I’ve recently been working on a Membership Agreement for Evening Class. It’s an attempt to escape the tyranny of structurelessness, as well as to provide a guide for new members.
It’s been a rewarding exercise as it’s prompted us to think about and formalise some of the key principles that underpin everything we do, as well as making clear what forms of support we expect from each other. In some ways, these kinds of protocols can feel unnecessarily formal, but I feel like by having it all written down allows us to address how we treat each other more directly, forming the basis for a greater level of trust within the group.
This got me thinking about protocols more broadly, and what they mean for establishing and maintaining self-organised groups.
I’ve just finished reading Mrs Dalloway, which has me thinking a lot about time. (It was originally called The Hours, after all.) It’s such a wonderful book: Woolf effortlessly changes tempo, switches between the inner dialogue of different characters, moves from describing a fleeting present moment in great detail to remembering events long since passed.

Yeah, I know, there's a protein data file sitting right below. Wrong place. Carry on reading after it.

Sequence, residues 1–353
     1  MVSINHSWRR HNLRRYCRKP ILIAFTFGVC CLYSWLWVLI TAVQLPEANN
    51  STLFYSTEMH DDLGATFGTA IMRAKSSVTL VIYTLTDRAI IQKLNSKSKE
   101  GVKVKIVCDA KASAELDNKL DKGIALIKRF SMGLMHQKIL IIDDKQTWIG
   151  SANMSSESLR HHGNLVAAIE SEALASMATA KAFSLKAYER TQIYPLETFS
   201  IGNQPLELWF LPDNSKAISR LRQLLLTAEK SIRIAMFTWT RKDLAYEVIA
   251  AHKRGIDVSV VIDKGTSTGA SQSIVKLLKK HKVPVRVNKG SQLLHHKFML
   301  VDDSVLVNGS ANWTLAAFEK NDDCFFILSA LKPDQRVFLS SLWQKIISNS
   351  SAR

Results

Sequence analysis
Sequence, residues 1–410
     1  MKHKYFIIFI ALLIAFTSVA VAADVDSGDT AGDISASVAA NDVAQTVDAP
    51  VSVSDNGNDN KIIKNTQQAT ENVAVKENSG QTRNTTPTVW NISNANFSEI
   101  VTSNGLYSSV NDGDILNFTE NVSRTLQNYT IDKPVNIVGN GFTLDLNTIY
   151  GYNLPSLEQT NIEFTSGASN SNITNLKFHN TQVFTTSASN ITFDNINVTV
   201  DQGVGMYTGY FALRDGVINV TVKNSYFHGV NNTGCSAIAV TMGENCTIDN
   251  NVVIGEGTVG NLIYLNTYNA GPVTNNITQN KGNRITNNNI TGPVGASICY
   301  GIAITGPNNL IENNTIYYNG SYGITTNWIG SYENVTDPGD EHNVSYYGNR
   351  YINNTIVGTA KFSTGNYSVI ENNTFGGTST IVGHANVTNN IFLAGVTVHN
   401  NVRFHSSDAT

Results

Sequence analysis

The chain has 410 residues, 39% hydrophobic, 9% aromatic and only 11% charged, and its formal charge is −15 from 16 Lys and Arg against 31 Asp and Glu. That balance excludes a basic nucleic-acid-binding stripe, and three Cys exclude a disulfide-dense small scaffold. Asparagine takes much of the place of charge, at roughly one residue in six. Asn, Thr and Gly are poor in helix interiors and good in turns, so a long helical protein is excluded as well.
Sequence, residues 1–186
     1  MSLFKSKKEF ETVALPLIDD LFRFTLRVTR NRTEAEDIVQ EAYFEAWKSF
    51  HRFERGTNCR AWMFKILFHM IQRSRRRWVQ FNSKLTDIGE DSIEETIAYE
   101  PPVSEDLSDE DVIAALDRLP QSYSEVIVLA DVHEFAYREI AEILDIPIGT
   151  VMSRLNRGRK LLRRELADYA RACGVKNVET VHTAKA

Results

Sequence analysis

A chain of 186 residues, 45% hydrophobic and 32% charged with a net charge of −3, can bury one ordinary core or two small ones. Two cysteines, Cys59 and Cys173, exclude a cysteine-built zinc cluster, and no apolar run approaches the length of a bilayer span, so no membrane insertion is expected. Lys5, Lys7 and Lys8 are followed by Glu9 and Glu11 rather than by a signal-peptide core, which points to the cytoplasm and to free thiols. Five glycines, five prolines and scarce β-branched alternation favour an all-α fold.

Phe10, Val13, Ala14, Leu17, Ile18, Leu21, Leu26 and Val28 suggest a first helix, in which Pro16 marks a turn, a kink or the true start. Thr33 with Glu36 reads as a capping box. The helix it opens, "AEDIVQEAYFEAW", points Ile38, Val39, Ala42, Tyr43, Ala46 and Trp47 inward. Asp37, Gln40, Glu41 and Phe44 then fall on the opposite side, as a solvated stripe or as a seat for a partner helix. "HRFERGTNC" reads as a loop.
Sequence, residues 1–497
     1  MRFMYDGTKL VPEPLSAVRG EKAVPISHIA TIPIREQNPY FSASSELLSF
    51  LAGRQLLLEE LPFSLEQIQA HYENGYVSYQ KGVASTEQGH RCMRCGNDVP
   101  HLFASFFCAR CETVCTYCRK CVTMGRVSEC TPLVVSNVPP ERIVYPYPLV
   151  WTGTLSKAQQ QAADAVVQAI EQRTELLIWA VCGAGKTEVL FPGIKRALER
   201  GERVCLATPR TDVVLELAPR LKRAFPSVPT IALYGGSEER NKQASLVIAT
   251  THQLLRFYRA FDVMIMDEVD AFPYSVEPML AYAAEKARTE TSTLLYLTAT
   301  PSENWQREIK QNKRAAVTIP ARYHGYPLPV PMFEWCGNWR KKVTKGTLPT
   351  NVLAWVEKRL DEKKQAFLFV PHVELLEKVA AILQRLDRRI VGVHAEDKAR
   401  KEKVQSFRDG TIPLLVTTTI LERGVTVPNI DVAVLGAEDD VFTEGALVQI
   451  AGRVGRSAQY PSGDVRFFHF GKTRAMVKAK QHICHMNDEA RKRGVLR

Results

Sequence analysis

It was particularly interesting to read this in our current context of lockdown. There seems to be a general consensus that time is very weird right now. March was endless while April and May have passed by incredibly quickly. There are ongoing jokes on Twitter about people struggling to remember what day it is, and questioning why we have days of the week at all.